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• KY-Sen: Sen. Mitch McConnell has released the toplines of a new internal poll from Voter/Consumer Research showing him with a 68-21 lead over his GOP primary challenger, businessman Matt Bevin. Of course, the release doesn't include name recognition numbers, but Bevin's are surely quite low and will undoubtedly grow. So the question is, how confident is McConnell that his supporters will stick with him as Bevin becomes better known?
And that's assuming this survey is accurate in the first place, something I wouldn't recommend doing. VCR conducted a survey for Republican Linda Lingle in October of last year, showing her trailing Democrat Mazie Hirono in the Hawaii Senate race by just 4 percent. Hirono went on to win by 25 points. Earlier that year, they found Hirono beating Ed Case in the primary by only 1. Hirono crushed there, too, by 16.
It's not just tricky-to-poll Hawaii where VCR has misfired egregiously. As Reid Wilson reminds us, they've also been wildly off the mark in... Kentucky. Just ahead of the GOP Senate primary in 2010, VCR claimed the race between Rand Paul and Trey Grayson stood at a 40-40 tie, in a poll they did for Grayson. The following day, McConnell endorsed Grayson.
Two weeks later, Paul demolished Grayson by 23 points. So if anyone knows how wrong VCR can be in the Bluegrass State, it's definitely Mitch.
• MA-Gov: No surprise: Ex-Sen. Scott Brown is saying "bqhatevwr" to a gubernatorial bid, depriving Republicans of their best-known option in next year's race. Brown's flirtation never seemed that serious to begin with, seeing as he took a job as a FOX News analyst earlier this year (not a helpful gig in a state as blue as Massachusetts), and an even more lucrative position with a lobbying firm. Now GOP attention will shift to 2010 nominee Charlie Baker, who is still considering a second run.
Democrats, meanwhile, have also lost a candidate. State Sen. Dan Wolf is suspending his campaign—and will resign from the Senate—due to a state ethics commission ruling that says that he cannot hold or seek office as long as the small airline he owns has contracts with the state to service Boston's Logan Airport. Wolf and his supporters have argued that these contracts (which aren't negotiated because they involve fixed fees set by the federal government) don't constitute conflicts of interest, but he says he doesn't want to get mired in a court case. So unless the commission changes its mind, he's out.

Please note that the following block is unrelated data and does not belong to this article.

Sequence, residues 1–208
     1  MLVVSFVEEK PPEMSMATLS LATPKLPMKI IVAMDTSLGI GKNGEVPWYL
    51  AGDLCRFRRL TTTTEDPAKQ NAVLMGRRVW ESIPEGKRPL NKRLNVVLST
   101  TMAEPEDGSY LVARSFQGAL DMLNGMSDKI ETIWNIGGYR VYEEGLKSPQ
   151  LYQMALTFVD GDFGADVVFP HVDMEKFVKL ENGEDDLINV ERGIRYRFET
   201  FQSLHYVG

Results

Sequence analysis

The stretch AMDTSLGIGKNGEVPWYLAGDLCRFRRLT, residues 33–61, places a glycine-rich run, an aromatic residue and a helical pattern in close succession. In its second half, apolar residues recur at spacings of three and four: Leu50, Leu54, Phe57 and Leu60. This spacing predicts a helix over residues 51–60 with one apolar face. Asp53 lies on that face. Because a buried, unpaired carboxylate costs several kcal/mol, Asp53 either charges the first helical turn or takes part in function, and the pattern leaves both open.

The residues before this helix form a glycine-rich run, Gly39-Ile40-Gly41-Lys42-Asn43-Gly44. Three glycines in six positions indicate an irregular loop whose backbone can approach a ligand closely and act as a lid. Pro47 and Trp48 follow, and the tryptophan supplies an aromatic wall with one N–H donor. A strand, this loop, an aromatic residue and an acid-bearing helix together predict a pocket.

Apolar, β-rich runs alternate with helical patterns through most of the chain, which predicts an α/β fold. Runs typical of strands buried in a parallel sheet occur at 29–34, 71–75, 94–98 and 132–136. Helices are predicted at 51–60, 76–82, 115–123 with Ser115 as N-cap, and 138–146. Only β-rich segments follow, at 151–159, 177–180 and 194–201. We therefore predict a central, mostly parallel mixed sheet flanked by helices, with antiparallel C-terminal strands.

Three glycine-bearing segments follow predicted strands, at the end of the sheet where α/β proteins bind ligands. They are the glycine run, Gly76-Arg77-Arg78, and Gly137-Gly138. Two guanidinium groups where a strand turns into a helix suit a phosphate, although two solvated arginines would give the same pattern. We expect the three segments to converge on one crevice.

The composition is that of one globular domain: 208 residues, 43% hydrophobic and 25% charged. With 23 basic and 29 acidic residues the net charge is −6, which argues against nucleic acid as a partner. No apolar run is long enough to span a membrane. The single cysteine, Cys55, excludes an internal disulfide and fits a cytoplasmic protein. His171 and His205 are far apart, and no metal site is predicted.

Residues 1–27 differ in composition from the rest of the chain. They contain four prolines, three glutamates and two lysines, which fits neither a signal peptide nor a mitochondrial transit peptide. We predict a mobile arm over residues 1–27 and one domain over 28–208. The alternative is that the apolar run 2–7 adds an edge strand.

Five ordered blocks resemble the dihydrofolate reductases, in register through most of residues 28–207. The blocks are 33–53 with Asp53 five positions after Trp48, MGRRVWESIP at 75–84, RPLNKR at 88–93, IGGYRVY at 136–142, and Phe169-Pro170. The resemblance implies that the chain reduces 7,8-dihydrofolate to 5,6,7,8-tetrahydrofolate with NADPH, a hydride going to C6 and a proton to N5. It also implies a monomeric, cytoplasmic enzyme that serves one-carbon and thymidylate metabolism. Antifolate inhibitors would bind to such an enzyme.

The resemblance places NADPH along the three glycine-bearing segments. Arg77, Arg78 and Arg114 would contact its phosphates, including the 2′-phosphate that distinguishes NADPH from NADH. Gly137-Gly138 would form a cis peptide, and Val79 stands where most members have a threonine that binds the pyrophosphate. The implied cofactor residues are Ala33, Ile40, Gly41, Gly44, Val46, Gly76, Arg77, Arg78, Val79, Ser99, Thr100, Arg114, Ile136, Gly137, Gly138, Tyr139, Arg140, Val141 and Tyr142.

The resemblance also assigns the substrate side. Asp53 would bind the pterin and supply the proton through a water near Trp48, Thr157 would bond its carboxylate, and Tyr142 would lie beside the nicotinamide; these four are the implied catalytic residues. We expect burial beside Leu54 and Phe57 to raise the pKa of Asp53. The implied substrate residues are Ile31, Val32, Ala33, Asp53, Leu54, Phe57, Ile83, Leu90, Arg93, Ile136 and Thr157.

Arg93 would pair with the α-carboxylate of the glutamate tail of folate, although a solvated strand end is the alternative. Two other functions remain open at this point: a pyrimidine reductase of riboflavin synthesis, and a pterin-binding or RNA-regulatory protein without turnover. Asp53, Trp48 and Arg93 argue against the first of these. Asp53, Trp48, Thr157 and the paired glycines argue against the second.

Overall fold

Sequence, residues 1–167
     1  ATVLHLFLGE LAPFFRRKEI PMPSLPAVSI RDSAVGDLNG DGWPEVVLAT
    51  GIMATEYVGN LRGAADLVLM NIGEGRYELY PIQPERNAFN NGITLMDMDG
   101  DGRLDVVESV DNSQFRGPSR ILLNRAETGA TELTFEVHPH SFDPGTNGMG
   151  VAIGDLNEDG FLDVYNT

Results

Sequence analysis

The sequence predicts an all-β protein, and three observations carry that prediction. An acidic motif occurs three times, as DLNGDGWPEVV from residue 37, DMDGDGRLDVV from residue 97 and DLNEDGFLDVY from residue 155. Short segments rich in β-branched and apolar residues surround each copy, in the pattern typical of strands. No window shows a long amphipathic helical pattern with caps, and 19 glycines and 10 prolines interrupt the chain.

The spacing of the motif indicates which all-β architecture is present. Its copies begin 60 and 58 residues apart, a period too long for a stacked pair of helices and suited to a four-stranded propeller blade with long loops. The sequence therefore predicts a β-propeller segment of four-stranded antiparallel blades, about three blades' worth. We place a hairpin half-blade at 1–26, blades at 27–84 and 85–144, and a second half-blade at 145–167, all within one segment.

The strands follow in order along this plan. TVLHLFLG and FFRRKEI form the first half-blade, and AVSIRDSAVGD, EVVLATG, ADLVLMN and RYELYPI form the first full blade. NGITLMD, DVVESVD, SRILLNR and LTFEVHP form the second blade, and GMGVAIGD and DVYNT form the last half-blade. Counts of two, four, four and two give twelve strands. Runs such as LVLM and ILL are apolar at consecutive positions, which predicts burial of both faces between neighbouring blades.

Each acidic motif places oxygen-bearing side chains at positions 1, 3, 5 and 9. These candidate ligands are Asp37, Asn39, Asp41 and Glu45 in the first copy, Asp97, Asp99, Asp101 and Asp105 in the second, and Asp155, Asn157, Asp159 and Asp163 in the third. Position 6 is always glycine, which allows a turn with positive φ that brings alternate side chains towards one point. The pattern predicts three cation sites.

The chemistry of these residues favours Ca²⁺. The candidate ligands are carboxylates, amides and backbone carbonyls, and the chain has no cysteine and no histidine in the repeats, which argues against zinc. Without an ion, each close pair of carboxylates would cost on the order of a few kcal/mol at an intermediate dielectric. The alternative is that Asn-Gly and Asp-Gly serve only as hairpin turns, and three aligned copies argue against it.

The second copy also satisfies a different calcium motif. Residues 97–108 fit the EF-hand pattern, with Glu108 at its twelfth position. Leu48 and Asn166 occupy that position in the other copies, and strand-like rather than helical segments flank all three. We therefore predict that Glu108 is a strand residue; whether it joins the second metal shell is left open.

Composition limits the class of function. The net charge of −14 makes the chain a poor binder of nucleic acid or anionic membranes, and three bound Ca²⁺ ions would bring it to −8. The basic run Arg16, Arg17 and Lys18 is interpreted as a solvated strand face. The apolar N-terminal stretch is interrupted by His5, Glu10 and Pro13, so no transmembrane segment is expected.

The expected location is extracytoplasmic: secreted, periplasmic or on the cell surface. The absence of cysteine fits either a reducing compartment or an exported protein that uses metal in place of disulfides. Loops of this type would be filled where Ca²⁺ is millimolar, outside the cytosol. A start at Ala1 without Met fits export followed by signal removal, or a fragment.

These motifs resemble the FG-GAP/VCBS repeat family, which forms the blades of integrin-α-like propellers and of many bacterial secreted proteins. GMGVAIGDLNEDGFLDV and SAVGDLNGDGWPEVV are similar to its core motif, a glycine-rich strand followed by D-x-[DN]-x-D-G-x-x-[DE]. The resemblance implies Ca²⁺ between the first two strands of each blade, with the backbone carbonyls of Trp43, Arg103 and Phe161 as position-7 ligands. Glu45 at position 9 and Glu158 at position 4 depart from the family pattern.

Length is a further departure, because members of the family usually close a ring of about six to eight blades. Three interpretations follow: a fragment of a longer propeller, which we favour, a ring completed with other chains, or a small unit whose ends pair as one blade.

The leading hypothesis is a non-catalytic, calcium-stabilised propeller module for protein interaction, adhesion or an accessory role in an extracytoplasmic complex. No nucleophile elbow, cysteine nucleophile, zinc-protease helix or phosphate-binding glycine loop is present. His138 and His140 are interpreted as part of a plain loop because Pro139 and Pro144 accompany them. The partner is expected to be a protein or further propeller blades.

• VA-Gov: Democrat Terry McAuliffe must figure he's got a live one with this issue, because he's out with his third ad attacking Republican AG Ken Cuccinelli over the assistance his office gave to two energy companies that are fighting attempts by landowners to recover royalties they say they're owed.
• LA-05: Crikey. In the previous Digest, when we ran through the 14 candidates who qualified for the special election to replace GOP Rep. Rodney Alexander, we labeled late-filing Democrat Weldon Russell as a "Some Dude". It turns out, in fact, that he's actually a former one-term state representative. Now, Russell's period in the legislature was relatively brief, and long ago (1984-1988!), but that still raises him a notch above Some Dude. We regret the error.
Meanwhile, state Sen. Neil Riser, the GOP frontrunner, has locked down one more big establishment name. Majority Leader Eric Cantor, the second-ranking Republican in the House, is headlining a DC fundraiser for him next month, and the three Louisiana congressmen who've already endorsed Riser will also participate. (James L & David Nir)
• LA-06: That's strange. It seemed pretty clear that state Sen. Rick Ward switched parties this summer just so that he could run for Congress in Louisiana's open 6th District, which is decidedly Republican turf. But just three weeks after getting into the race, Ward is bailing. What's even odder is that the field here has been very slow to develop, and it's not as though some heavyweight candidate recently jumped in and shook things up. So far, only businessman Paul Dietzel is running for the GOP, though Baton Rouge City Council member Ryan Heck says he plans to as well.
Ward claims that he wants to spend "as much time as possible" with his three young children, and running for Congress would preclude that. But he didn't know that when he first hopped on this escalator? Like I say, strange.
• CO Recall: Republicans are broadening their attacks on state Senate President John Morse in the upcoming recall election, with a new ad that complains about Morse accepting $99 per diems for legislative work on days he also engaged in personal activities. An ethics complaint against Morse over the matter two years ago was swiftly dismissed, but of course, that won't stop his opponents from making it sound like constituents have actually "paid for [his] haircuts and golf games."
There's no word on the size of the buy, but the spot is from a small group called I Am Created Equal and does not have impressive production values, so I'd guess it's not large.
• SD Mayor: San Diego Mayor Bob Filner will reportedly resign on Friday, in the wake of allegations by at least 18 different women that he sexually harassed them. The city will apparently pay some or all of the damages that may be awarded in a lawsuit that has been filed against him over these accusations.
Assuming Filner does go, one consultant has gamed out possible dates for a special election and runoff. The first round would have to take place within 60-90 days of the "effective date" of Filner's resignation, with the second round 49 days later. That doesn't leave a lot of good options, due to the fall and winter holidays, though if Filner can delay his effective date, that opens up some better possibilities.
• Demographics: Pew Research has been in business over 50 years, and they've put together an interesting interactive graphic spanning the last five decades of their annual population surveys. The chart compares the four major races in America and how their position has changed relative to each other, in terms of categories like voting and education.
They find that the gap between blacks and whites has narrowed over the decades in the areas of voter turnout, life expectancy, and high school completion, but that spreads have widened in terms of income, wealth, and marriage. Differences in poverty and homeownership rates haven't budged significantly over that period. (David Jarman)